‘Say Cheese!’

It takes a lot of energy to snap a keeper.

The infant was swaddled in a cream-colored fleece blanket with blue trim around the edges. His eyes closed as he dozed off, completely oblivious to the outside world, much less the camera pointed his way. He let out a small yawn as his forehead and nose crinkled up – SNAP. Got it. No question, that one’s a keeper.

Years ago, Kodak aired this tear-jerker ad about capturing the moments of our lives through photography, and it’s really true. Technologies have changed, yet we value the ability to freeze moments in time – from the silly to the sublime. Natural gas and oil support the preserving of great memories through photos, with the materials in the cameras in our phones and components in a professional model digital single lens reflex (DSLR) – from selfies to formal studio sessions.

The newborn was so quiet and peaceful, unlike most of the other babies brought into her photography studio. She has a few tricks up her sleeve to help calm fussy infants long enough to get a few shots, but fortunately, there was no need this time.

She loved every minute of it, though. It didn’t matter if she was at an event taking the same candid shot over and over, in her studio with a screaming baby, or simply taking a selfie with her best friend, as long as she had a camera in her hand she was happy. She was doing her dream job every day.

It all started her junior year of high school when she chose photography as an elective. Her teacher, Mr. Greene, showed her the basics. She learned about the importance of lighting and framing a picture, but more importantly, she learned about photography as art.

More than 1 billion digital cameras – made with natural gas and oil – have been sold across the world since 2003.

About 1.2 trillion digital photos were taken in 2017 using smartphones, made with petroleum-based plastics and internal components from natural gas.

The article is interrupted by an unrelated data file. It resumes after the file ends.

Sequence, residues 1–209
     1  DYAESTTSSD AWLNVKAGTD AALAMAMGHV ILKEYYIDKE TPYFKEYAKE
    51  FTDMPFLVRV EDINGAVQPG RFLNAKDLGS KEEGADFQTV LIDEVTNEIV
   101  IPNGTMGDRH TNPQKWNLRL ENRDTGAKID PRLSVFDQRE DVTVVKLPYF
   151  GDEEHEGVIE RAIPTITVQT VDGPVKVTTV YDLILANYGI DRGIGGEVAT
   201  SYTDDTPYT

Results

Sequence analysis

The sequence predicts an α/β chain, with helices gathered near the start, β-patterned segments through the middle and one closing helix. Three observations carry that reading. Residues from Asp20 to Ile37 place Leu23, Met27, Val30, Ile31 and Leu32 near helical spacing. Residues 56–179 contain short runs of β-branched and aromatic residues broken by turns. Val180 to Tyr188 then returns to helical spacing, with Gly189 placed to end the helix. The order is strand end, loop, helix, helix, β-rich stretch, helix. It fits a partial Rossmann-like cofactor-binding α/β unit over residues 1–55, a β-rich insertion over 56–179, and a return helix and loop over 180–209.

Professional photographers in the U.S. number nearly 150,000, according to government data.

Since those early days in a small, cluttered high school classroom, she had her eyes set on one goal – to take photos that mattered. Emotions and stories are universal. Being able to preserve them to share later with family, friends and even complete strangers helps bring everyone together. She loved that.

Over the years, she went through more cameras and equipment than she could count. Some were forcibly retired due to overuse or accidents where they were damaged beyond repair. Some were traded in for newer models.

Now she owns her own studio, filled with a smorgasbord of gadgets, toys, feathers and fans. She dabbles in a bit of everything – weddings, engagements, graduations, pregnancy announcements, newborn photos.

Was she the next Annie Leibovitz or Ansell Adams? No, not by a long shot. But that didn’t make her work any less valuable. The photos she took preserved memories for hundreds, maybe even thousands of people. Just look at the family in her studio now: a young couple celebrating the birth of their baby boy. These photos would forever remind them of when he entered their lives – when they became a family.

The little bundle of joy began to squirm in his cocoon, almost like he knew they were done. She let his mother know she’d gotten the last shot. She quickly scooped up her treasure, nuzzling him against her chest. As he settled back into slumber, she gave the parents a sneak peek at some of the moments she’d captured of their boy. Their answering smiles told her that she’d made their hopes a reality.

Natural gas and oil: Powering the moments that matter.